. . . Be it good or bad, [slavery] has grown up with our society and institutions, and is so interwoven with them that to destroy it would be to destroy us as a people. But let me not be understood as admitting, even by implication, that the existing relations between the two races in the slaveholding States is an evil:–far otherwise; I hold it to be a good, as it has thus far proved itself to be to both, and will continue to prove so if not disturbed by the fell spirit of abolition.
I appeal to facts. Never before has the black race of Central Africa, from the dawn of history to the present day, attained a condition so civilized and so improved, not only physically, but morally and intellectually.
In the meantime, the white or European race, has not degenerated. It has kept pace with its brethren in other sections of the Union where slavery does not exist. It is odious to make comparison; but I appeal to all sides whether the South is not equal in virtue, intelligence, patriotism, courage, disinterestedness, and all the high qualities which adorn our nature. . . .
. . . I hold that in the present state of civilization, where two races of different origin, and distinguished by color, and other physical differences, as well as intellectual, are brought together, the relation now existing in the slaveholding States between the two, is, instead of an evil, a good—a positive good. . . I hold then, that there never has yet existed a wealthy and civilized society in which one portion of the community did not, in point of fact, live on the labor of the other. . . .
I might well challenge a comparison between them and the more direct, simple, and patriarchal mode by which the labor of the African race is, among us, commanded by the European. I may say with truth, that in few countries so much is left to the share of the laborer, and so little exacted from him, or where there is more kind attention paid to him in sickness or infirmities of age.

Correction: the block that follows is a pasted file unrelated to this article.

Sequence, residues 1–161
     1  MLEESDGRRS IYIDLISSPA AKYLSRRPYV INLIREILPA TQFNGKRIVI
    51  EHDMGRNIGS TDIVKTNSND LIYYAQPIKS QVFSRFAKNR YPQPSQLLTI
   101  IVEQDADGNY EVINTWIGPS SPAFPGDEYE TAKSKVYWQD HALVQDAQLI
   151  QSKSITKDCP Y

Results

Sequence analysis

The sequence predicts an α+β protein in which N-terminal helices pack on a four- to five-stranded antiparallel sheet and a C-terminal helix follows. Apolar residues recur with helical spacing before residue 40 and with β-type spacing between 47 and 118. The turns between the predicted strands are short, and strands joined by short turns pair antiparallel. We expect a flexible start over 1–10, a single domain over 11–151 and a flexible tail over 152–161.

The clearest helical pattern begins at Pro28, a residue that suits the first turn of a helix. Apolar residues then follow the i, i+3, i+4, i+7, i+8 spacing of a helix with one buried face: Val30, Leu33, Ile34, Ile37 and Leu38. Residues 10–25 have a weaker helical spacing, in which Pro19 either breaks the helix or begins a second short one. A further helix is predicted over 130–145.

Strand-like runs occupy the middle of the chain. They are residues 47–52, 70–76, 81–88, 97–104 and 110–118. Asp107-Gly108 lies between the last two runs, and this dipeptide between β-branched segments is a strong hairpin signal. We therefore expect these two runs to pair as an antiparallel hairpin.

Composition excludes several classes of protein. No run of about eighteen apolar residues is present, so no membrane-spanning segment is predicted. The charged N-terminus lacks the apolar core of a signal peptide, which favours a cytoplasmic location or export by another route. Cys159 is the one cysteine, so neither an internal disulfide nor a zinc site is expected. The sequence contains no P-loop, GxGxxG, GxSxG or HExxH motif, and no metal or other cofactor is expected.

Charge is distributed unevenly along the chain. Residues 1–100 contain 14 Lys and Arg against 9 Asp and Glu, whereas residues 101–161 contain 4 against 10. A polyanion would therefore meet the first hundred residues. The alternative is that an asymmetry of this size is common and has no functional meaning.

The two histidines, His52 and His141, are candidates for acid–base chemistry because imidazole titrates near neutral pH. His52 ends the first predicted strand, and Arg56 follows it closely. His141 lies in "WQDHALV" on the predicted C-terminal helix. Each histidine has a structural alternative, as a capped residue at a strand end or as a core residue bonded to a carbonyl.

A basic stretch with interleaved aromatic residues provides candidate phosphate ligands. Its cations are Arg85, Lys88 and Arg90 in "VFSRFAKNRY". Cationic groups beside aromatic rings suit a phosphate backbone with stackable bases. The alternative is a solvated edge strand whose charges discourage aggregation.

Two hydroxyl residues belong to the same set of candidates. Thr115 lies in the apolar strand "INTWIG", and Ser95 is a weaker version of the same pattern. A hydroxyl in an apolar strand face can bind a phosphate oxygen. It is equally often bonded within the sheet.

Compare his condition with the tenants of the poor houses in the more civilized portions of Europe—look at the sick, and the old and infirm slave, on one hand, in the midst of his family and friends, under the kind superintending care of his master and mistress, and compare it with the forlorn and wretched condition of the pauper in the poorhouse. . . .
There is and always has been in an advanced stage of wealth and civilization, a conflict between labor and capital. The condition of society in the South exempts us from the disorders and dangers resulting from this conflict; and which explains why it is that the political condition of the slaveholding States has been so much more stable and quiet than that of the North.

Comprehension Questions

  1. Who is the “we” Calhoun refers to?
  2. What tone does Calhoun set here for the argument that will follow?
  3. How does Calhoun interpret Congress’s authority on the question of slavery?
  4. How does Calhoun view the consequences of the Force Bill?
  5. To whom is Calhoun referring with the phrase “fanatical portion of society”? According to Calhoun, what influence will these fanatics have?
  6. What does Calhoun see as the inevitable end of a spreading spirit of abolitionism in the United States?
  7. What argument does Calhoun cite to support his assertion that slavery has been a “good” for African Americans?
  8. What does Calhoun argue to be economically inevitable in a wealthy, civilized society?
  9. How does Calhoun characterize the working and living conditions of American enslaved persons?
  10. How does Calhoun use European wage laborers as support for his assertions about American slaves?
  11. From what dangerous conflict does the slave system insulate the South, according to Calhoun?

Historical Reasoning Questions

  1. In what ways does Calhoun use legal arguments to defend the idea that Congress cannot interfere in the institution of slavery?
  2. How does Calhoun go beyond the traditional legal defenses of slavery and attempt to convince the audience that slavery is, indeed, good for all involved?

Full Text: “Slavery a Positive Good”